English colonial activities in North Africa have long fascinated me, to the extent that the first game I created on the show circuit to simulate it made the cover of Wargames Illustrated over 20 years ago. It is such a fascinating story but largely forgotten in this country and piecing together fragments of the adventure has been a pastime over the years.
|Figures from Dave O'Brien's collection|
The arrival of this title from Helion brings a huge pool of information together in one place. Helion books appear to have been getting thicker by the month and this volume weighs in at an enormous 381 pages. As an aside, I think the size of the new wave of books has reached and perhaps gone beyond the limit of what is feasible in soft back as the weight of paper is beginning to distort the shape of the books even when lying flat. I understand that hard back really increases production costs and these titles, fantastic as they are to the initiated are unlikely to appeal to the mass market so a compromise is inevitable, that being here, a soft jacket. When reviewing a product I think it is important not simply to eulogize even when the item is outstanding otherwise the credibility of the review and by implication, the reviewer, is diminished.
Back to to the book... The section or chapter titles are a great navigiation aid particularly for homing in on aspects which a reader may want to reference quickly such as The Restoration Army, The Tangier Garrison, The arrival of the English, Know your Enemy - The Army of Khadir Ghailan and the Moroccan Army, Hardship, Resilience and Close-Quarter Action 1675-78 as a few examples.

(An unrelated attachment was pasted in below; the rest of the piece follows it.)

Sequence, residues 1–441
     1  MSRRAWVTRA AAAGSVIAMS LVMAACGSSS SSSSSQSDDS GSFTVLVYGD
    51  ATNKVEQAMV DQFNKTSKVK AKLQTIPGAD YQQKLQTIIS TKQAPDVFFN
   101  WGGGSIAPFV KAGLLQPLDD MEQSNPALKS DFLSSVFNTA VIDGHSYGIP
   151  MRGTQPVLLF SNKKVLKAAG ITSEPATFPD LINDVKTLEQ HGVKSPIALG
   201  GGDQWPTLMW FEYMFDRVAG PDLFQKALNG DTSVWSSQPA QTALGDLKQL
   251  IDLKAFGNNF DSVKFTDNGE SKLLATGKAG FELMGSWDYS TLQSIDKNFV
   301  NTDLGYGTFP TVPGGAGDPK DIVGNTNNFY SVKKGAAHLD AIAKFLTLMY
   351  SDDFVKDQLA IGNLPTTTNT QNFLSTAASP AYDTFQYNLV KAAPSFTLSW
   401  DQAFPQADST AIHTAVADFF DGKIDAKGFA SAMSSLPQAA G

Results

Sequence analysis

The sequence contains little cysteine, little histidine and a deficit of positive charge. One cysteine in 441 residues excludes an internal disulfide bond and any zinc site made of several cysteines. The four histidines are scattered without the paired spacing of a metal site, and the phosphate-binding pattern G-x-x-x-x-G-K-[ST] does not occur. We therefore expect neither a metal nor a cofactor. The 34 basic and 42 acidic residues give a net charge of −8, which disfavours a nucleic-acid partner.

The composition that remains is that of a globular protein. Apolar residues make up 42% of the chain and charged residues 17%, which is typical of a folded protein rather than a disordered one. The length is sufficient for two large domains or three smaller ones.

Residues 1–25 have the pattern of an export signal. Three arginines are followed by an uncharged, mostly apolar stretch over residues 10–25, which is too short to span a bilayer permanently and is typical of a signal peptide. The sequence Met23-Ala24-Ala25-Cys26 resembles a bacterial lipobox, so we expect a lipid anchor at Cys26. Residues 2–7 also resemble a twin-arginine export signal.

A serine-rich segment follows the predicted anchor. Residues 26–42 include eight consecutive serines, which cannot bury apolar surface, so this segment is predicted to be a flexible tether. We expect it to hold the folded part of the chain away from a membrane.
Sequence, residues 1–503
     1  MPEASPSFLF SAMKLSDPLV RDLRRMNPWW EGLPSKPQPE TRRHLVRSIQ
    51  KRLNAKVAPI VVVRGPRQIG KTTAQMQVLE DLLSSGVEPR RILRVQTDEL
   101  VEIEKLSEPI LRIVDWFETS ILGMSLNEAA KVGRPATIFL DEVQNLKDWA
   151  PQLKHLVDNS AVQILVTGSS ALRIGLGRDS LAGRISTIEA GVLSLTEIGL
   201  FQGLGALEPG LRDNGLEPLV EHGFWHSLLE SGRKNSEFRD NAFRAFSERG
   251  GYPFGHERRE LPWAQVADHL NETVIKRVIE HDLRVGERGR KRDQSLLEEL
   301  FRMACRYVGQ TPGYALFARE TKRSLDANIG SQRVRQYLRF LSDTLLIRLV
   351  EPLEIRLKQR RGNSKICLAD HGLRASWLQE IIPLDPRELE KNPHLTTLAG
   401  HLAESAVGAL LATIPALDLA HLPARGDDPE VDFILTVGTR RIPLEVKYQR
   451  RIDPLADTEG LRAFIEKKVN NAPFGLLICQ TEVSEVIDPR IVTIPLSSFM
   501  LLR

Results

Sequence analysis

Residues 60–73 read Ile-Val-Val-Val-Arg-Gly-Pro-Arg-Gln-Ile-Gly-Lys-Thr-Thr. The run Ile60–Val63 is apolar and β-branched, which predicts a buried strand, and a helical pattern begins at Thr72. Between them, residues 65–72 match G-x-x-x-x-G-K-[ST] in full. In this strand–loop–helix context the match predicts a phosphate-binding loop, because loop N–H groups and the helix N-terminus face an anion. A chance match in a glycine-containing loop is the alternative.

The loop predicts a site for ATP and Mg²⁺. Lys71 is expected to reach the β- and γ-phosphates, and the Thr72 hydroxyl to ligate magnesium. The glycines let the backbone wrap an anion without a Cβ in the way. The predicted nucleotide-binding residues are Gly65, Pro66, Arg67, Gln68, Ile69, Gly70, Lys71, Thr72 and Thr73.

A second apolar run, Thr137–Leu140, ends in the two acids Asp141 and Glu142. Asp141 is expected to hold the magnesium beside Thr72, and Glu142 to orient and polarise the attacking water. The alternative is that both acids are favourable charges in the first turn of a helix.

The breadth and depth of information in the book is I think unsurpassed. I cannot recall another work on Tangier which provides anywhere near this level of granular detail. Abram provides an enormous quantity of transcribed original documents regarding regimental muster rolls, officer lists, inventories of arms and equipment and contemporary documents including journal extracts and commentaries from serving officers and politicians.
|Donnybrook Tangier game|
Information much sought but difficult to locate has now been brought together and this will provide sustenance for wargamers and historians alike. The works of Wenceslaus Hollar provides an extremely vivid perspective on the appearance of the garrison, the town, fortifications, the harbour and mole and the terrain. The descriptions of troops in action provide a strong flavour of military life in the garrison and the challenges facing this first serious English military enclave in Africa.
|Several galley frigates successfully operated out of Tangier|
Modern photos provide a nice calibration against some of the Hollar plates and engravings. The book is actually vast and it is clear that Helion have consciously rowed vigorously away from the snapshot style books offered by Osprey. It is common to hear buyers say, I only bought the Osprey title for the plates. The standard offer from Helion is now scholarly, serious, detailed and an established reference work. That brand differenation process is complete.
|The English Tangier squadron lies offshore awaiting the corsairs|
I thoroughly commend this book for all of the previously stated reasons but if I could wave a magic wand over it and the other recent titles purchased I would wish for a contents page, an index, some more of Patrick Courcelle's warm and gentle artwork beyond the cover tease, and a little colour inside. Not everything Osprey did was bad!